Nasan Tur

Sommer Semester 2021 - Seminar


Tuesdays from 14:00, Seminarraum/Online


We live in a digital ecology, an environment in which previously held boundaries between media, subjects, and the physical world are dissolving. Over the centuries, various forms of contagion and immunization have allowed the existence and survival of the communities. In the last decades, and especially in the last year we have remarked that the mediation of technological devices, the internet and the social networks have played a crucial role in keeping a balance between the forced physical isolation of the individuals and distance, and their need of connectedness. In particular, during the pandemic the technologically mediated experiences have turned into the prevalent means to endure, and this have had huge effects in the emotional phenomena and the affective sphere, the perception of the self, the public display of the body, the sense of belonging through a community, and so on. Nevertheless, for years the digital sphere has provided a multiplicity of environments that individuals as users have appropriated, repeatedly outlined, and where, in turn, they have constantly reconfigured their identities and bonds. Consistently, the internet and its product have empowered the users to extend exponentially individual and collective memory across and beyond the boundaries of the physical bodies, and thus to broaden the fictional, untold narratives that memory can offer.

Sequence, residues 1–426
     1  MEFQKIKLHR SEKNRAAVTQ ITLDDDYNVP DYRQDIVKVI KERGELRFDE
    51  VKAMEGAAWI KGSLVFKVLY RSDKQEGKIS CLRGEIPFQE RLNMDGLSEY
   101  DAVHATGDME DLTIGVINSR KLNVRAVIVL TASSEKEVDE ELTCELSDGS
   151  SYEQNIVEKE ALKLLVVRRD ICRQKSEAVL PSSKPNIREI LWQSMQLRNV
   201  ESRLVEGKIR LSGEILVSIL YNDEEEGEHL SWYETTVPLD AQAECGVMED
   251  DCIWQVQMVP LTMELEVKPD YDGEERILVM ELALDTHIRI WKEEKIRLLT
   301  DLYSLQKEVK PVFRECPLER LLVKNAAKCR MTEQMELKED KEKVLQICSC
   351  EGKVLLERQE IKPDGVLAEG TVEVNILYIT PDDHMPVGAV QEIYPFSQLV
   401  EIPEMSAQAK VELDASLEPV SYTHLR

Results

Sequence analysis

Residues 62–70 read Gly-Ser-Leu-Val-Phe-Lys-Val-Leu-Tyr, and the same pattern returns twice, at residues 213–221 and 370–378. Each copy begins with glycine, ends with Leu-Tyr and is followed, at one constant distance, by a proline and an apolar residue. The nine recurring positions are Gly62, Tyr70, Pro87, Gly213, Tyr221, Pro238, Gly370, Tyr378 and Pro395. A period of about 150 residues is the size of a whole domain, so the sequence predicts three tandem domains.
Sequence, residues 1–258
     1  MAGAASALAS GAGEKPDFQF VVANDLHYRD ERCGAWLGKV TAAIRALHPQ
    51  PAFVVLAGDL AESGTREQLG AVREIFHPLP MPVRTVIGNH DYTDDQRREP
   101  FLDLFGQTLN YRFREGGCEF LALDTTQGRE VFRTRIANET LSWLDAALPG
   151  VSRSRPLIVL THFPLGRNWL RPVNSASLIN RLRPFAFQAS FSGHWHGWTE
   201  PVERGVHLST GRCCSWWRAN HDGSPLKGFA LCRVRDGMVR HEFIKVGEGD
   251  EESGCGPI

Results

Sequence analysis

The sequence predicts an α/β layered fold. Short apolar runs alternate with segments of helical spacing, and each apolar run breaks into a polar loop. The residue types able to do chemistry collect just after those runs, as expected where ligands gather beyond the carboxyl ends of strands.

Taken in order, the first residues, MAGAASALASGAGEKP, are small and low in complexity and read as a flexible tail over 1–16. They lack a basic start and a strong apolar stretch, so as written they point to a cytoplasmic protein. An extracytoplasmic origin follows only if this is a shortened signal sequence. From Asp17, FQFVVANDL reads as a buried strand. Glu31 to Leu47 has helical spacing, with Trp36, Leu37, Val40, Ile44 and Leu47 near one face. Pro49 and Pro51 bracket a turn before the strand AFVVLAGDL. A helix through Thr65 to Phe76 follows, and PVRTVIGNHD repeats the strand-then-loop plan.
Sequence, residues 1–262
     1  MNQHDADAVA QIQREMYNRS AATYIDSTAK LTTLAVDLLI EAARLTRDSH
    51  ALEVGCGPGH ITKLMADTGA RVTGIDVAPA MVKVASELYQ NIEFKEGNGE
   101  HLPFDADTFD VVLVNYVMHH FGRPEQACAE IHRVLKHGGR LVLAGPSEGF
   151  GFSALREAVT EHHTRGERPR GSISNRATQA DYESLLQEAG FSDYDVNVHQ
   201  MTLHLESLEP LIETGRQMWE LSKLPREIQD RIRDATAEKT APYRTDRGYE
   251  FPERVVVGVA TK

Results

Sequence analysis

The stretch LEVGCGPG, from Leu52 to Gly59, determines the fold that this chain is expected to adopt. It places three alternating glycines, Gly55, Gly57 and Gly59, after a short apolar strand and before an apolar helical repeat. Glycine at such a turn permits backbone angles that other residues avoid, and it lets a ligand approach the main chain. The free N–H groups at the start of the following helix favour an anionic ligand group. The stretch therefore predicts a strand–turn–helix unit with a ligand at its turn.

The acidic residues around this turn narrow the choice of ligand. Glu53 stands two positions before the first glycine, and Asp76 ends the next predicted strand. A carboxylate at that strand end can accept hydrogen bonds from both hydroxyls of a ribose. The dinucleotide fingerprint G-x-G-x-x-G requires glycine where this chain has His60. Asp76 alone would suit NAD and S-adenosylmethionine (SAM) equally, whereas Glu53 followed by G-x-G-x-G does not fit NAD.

Within this framework, despite the hyperaccessibility to a massive variety of contents and information, in the post-truth era, everyone is able to manipulate and shape his or her own comfort zone of armonious voices and opinions, a bubble of consensus, whose consolidation is facilitated by the algorithmic settings.
The praxis-oriented seminar proposes to explore both theoretically and practically the challenges of the online sphere, and to question it as a contested place, and yet as an environment of ruptures, glitches, and thus of unknown opportunities, where forms of militancy are still to be codified. It looks at the user as an agent of transformation in the reality that he or she lives and sees online and AFK (away from keyboard). In what capacity does the online sphere facilitate or obstruct the breaking of existing forms and provide a terrain for the creation of new possibilities? What if we as users embody online the failure as a vehicle of resistance? The seminar proposes inputs for individual and collective reflections upon issues such as, the notion of belong, body and memory as the vehicles of fiction, empathy in the post-truth era, the politics of weakness and militancy, the challenges of the pandemic in comparison with other destabilizing circumstances in relation to technological devices, social networks, formal media.
Furthemore, through the analysis of artists’ works and case-studies from the visual arts and cultures, as well as transdisciplinary readings, the seminar aims to be the space where the students will develop their personal projects and statements, as well as where their approaches and work processes will be discussed. As a result of the praxis-oriented seminar, the students will present their work publically in a physical space or online.

Winter Semester 2021 - Seminar

Tuesdays from 14:00, Seminarraum Raumstrategien